April 17, 2005

Splinter Cell: Tangerine Bicycle

I could either start by saying that I saw my parents this weekend, or I could start by saying that I have a bicycle. Alternately, I could start by making one of the billions of other possible statements in the English language, such as tangerines are delicious or the left door of Jacob's car makes a noise like an angry duck, but you're not here to talk about tangerines or ducks. So, I have a bicycle.

It's my spiffy black and yellow road racing bike that I got as a birthday present in high school and foolishly left behind when I moved to Berkeley. After four years of driving everyone nuts talking about how much I miss my bike, I finally got it up here in a box and had it put back together. The guy who opened up the box in the Bent Spoke called it "old school" and called my bluff by putting the original (horrible) toe-clip pedals on it instead of the big clunky ones I actually used to ride it with. My position on this is that he mistook me for someone who knows how to ride a bicycle, but it's only because he never saw me try.

Lots of other people saw me try today, because Jacob and I went out on a ride around Berkeley to celebrate my new gear-assisted mobility. It's important to mention that I didn't die, but I did spend five minutes explaining to Jacob how certain I was that I had nearly died and how, excuse me, your attention seems to be wandering, can we please get back to the part where I almost died? I don't have bike instincts anymore. I have no idea how long it takes me to get across a street, and twice I just barely started to cross only to brake in a panic and back awkwardly out of the oncoming car's way. I'm used to stopping by not moving my feet, which is why I was halfway into traffic both times before I remembered that there was something I had to do in order not to keep going. Jacob, nonchalant and expert in the starting burst of speed, would cross calmly and easily and wait on the other side for my shaky self to join him. In other words, I was schooled.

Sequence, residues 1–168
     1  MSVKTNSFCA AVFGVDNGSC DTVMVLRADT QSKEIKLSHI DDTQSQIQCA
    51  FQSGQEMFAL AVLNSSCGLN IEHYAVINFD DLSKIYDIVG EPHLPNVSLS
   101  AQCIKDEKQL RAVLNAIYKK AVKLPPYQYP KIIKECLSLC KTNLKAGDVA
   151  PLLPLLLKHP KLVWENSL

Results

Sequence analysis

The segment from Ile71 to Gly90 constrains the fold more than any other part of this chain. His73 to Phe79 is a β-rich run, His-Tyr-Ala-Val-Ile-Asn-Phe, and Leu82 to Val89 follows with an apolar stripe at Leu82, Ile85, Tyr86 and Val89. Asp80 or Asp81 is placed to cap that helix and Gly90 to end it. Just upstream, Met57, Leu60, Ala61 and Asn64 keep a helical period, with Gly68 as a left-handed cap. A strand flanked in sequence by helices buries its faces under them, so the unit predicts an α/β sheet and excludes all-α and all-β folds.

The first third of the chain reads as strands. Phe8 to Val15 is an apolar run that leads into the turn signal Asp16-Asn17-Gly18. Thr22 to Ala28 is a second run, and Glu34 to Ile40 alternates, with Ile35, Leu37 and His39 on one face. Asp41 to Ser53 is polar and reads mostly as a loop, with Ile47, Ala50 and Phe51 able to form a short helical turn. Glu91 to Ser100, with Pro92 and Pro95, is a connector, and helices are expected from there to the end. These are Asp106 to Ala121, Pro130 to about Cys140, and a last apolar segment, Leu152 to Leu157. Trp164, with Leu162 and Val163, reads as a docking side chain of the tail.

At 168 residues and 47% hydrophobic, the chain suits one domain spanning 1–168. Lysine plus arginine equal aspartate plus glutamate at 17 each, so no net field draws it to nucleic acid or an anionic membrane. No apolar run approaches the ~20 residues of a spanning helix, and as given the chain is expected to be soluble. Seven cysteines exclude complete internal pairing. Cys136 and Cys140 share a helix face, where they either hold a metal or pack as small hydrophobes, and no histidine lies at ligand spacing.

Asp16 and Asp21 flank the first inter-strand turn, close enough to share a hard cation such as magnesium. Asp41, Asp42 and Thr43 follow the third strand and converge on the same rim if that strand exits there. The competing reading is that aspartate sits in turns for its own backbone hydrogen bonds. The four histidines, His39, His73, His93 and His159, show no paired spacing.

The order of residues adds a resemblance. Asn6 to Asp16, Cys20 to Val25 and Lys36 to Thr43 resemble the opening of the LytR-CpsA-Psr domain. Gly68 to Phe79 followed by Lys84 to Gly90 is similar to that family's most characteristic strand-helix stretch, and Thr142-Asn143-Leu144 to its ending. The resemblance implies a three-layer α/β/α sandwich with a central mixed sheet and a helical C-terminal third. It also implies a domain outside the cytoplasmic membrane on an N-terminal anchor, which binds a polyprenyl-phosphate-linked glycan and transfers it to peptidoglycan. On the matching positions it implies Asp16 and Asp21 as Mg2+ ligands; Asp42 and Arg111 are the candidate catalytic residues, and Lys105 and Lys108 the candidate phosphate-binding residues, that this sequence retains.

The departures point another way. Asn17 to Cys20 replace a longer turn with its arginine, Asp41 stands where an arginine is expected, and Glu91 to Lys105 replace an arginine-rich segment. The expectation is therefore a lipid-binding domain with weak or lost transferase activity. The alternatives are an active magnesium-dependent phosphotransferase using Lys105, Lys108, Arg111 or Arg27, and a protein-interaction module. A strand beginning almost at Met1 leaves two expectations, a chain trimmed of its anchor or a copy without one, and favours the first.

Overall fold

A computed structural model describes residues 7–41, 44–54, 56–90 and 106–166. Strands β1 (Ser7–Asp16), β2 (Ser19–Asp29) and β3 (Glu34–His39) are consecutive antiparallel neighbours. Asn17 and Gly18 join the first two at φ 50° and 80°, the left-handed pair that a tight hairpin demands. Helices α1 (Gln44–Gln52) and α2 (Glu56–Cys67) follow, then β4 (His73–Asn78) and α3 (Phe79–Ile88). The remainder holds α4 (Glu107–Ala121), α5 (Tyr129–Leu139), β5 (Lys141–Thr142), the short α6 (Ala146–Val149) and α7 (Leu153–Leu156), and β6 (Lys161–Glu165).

Tune in tomorrow to see how much I regret this. I'm placing a wanted ad in the paper for some thigh muscles; for trade, some nicely developed calves? Great for walking up hills, not bad-looking on top of a pair of boots, but, as I have discovered, not the necessary power supply for two-wheeled vehicles.

Posted by dianna at April 17, 2005 10:54 PM

And...how're your parents?

Posted by: Arianna at April 18, 2005 03:15 PM

Well, my mom tripped over a bump in the parking lot of her hotel in San Jose and fell on her head. She says she's okay, though, and she works with enough head-injured people that she probably ought to know.

They're my parents. We talked carefully about innocuous subjects like cars and Mexican food and things that happened when I was three, and kept our mouths entirely shut about everything else. It's a polite facade. It functions. And yours?

Posted by: Dianna at April 18, 2005 04:03 PM

Christ, I'm bitchy today. The proper answer to your question should have been that my parents are apparently doing fine and we chatted amiably over a nice wharfside lunch with Jacob, my sister and my sister's housemate. My mom was in town for a speech and hearing conference. My dad is, I think, getting warmed up for the summer music season although he's not just playing surf any more.

Both of these answers are entirely true, so the only deciding factor for which you should read is how much of my attitude you're feeling prepared to tolerate.

Posted by: Dianna at April 18, 2005 04:10 PM

My left car door is a bitchier duck than you, Dianna. Take that, quacker!

Posted by: Jacob at April 18, 2005 05:24 PM

i for one AM here to talk about ducks. that's all i've been hanging around for all these years.

Posted by: didofoot at April 18, 2005 05:57 PM

So I hear that ducks like tangerines. Have you heard that also?

Posted by: Dianna at April 18, 2005 07:38 PM